Mexico, Photographs, Religion, Travel

Easter is a Big Deal in Mexico (Photo of the Week)

This week is Holy Week, and yesterday (Holy Thursday) I walked downtown… to find the Central Historic District completely transformed. There’s a small grassy park in front of the Church of St. Francis of Assisi, which is normally an empty, lazy place for teenagers to sit and chat and a few old men to read their newspapers. Instead, I could barely get into the square—food stands lined every pathway and paved area while crowds of people made their way toward church. Standing on a stone block, I managed to get above the crowd and capture this image:

Templo de San Francis de Asisi. Photo by André.

Yes, that is a Nacho stand in front of a church! Which is a brilliant idea that every church should implement. Also Hot Cakes, but who chooses hot cakes over nachos? Anyway, in Catholic doctrine I believe there’s a rule against eating anything just before or after taking the Host at Communion, so I’m not sure how Holy these Holy Thursday vendors are. Sort of the like the meat sellers outside that Thai Buddhist temple. My favorite picture is from behind the Church, in a little walled courtyard. This one officially gets the “Photo of the Week” title:

Families sitting on a fountain. Photo by André.

The alley alongside the church had become a sort of open air bazaar:

There are always some vendors here, but never like this. Photo by André.

I also met a smiling woman selling pan de nata, “cream bread,” a traditional treat for Easter:

Pan de Nata. Photo by André.

Each pan is decorated with candied fruit slices forming either lilies or a cross:

Close up. Photo by André.

The doña opened up a bag so I could smell it. It has a rich, almost fermented smell plus the scent of the sesame seeds. I bought one for 25 pesos, or about US $2 and had some later that night. It’s incredibly sweet, definitely fresh baked and the fruit is the best part. And Mamá, if you’re reading this… Happy Easter!

L Days cover_front only_half size

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10 thoughts on “Easter is a Big Deal in Mexico (Photo of the Week)

  1. Beth says:

    Great work on the photos, especially the “official” photo of the week! Your depth of field is perfect and you froze the water expertly. Well done! :) And I love all the color in all of them.

    • Thank you! I was honestly a little embarrassed to post these picture. It was a cloudy day and I really struggled to capture any shots that didn’t seem flat. Normally there is intense sun in this city, so it was a shock to deal with these conditions… and I feel like I lost a lot of vividness. I also didn’t have time to do any photo editing before posting them, other than cropping the one. So I appreciate the compliments, but I feel like I could have done much better.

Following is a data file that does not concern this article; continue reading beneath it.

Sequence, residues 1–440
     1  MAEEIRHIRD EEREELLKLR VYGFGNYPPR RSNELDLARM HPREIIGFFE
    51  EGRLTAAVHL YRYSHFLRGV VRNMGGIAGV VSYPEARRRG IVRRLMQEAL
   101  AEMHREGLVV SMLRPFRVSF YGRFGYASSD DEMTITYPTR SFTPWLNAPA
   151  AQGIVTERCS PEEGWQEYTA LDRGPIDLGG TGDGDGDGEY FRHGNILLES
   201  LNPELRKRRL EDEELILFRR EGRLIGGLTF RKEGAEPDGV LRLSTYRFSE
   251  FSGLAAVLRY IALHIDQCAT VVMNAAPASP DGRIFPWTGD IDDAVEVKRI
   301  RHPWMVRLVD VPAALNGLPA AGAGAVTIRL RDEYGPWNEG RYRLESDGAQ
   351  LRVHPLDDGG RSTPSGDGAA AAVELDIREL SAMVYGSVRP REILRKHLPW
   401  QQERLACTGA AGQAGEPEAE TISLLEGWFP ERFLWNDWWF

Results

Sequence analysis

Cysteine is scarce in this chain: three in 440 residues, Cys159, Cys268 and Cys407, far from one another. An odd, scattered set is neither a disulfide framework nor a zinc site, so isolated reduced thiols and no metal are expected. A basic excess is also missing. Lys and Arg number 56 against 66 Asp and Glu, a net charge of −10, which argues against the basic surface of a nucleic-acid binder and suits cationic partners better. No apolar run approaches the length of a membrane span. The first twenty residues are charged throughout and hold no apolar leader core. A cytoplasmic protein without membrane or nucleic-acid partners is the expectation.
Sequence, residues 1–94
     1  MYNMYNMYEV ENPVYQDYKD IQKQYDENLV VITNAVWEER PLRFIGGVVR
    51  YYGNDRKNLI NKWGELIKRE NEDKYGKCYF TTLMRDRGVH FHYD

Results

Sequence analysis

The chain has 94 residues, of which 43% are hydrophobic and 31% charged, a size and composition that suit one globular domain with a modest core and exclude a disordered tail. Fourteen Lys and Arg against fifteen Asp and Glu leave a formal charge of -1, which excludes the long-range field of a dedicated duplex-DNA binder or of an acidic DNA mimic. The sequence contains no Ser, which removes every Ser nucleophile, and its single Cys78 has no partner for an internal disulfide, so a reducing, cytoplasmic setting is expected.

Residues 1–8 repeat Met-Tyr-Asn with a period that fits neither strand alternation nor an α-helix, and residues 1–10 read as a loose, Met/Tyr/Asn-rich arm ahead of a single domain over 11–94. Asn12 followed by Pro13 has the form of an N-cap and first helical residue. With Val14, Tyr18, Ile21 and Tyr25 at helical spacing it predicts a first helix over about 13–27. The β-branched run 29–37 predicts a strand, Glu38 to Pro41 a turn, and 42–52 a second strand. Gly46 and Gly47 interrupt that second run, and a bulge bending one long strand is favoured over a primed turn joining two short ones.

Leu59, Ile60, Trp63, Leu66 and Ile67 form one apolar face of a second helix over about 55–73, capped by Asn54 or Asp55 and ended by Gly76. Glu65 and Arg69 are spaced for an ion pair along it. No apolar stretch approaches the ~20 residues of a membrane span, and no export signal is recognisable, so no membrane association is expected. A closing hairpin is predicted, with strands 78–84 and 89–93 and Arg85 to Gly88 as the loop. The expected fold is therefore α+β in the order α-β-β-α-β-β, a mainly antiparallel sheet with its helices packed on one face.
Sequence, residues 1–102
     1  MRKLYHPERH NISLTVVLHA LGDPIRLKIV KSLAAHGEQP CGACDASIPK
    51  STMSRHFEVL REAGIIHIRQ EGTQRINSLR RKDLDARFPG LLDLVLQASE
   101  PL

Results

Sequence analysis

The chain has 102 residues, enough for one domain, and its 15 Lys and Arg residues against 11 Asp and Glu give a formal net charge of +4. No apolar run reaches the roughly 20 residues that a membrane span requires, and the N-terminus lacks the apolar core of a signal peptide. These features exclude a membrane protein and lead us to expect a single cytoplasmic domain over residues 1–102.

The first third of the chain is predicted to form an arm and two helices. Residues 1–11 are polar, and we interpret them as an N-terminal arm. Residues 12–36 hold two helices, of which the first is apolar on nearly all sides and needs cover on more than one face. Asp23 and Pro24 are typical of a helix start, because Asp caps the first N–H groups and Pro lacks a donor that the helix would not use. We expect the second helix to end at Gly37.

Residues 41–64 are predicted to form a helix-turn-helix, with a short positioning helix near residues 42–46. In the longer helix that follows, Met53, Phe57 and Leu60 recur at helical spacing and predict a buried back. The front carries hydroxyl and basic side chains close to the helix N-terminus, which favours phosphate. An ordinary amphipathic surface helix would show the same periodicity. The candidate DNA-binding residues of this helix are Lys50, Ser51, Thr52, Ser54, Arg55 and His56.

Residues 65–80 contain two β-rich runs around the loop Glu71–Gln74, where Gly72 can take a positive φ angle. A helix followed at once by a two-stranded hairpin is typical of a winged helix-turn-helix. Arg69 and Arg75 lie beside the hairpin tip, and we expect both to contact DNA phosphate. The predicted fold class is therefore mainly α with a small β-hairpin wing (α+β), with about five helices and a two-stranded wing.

• I hadn’t thought of switching to B&W on those days! Good call. I have a B&W setting; I also have a Cloudy setting for the white balance. I suspect you mean I should use both together?

      • Beth says:

        I always struggle with cloudy days, too…I just prefer sun. But technically it’s far easier to shoot in clouds; with sun you get blown-out whites that are distracting, and you lose the detail there. You also get really harsh shadows that are often unattractive. As for settings, b&w just means it captures no color, as far as I’m aware. Cloudy will change your I SO (less light available) and your other settings to match. I can’t recall but you may even see on the display what it puts your settings at in that mode. Personally I never intentionally shoot in b&w, because your can never get that color back; I just convert later if I want to. Also if you have played with Lightroom at all I recently found that pulling the two tone sliders can get a lot of my color back – pull the red/green towards the red side, and the blue/yellow towards the yellow side. Just a little…the best Photoshop gut I know says “do it until it’s too much and then just back off a little” whenever I ask him how much I should adjust for various conditions.

        Ok end of random photography lecture. And I still say good work!! Send me the jpegs if you want and we can play with how you could optimize.

    • It really is.

      Although after I said how much I like the place, one young Potosino (in his 20s, a medical student, friend of the owner of my favorite cafe) asked me point blank: “Sure, but don’t you think it’s a little bit… boring?”

      I paused, but I had to admit that I do. I couldn’t live here for long.

    • It’s one of Mexico’s treasures for that reason. As a silver mining town, it was one of the first colonial cities and much of the Centro has been here for 400-500 years. It’s no Guanajuato (from what I’m told) but definitely a gem.

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